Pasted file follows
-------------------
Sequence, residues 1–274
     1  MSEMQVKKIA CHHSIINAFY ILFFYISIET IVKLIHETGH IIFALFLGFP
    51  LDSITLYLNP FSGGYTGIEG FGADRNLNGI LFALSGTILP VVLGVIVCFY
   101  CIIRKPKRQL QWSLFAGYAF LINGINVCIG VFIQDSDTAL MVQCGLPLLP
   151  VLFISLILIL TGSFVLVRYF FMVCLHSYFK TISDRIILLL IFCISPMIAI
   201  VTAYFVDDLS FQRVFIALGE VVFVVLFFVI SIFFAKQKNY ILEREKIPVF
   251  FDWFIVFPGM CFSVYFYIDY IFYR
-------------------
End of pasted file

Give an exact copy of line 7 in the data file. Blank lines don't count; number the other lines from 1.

   251  FDWFIVFPGM CFSVYFYIDY IFYR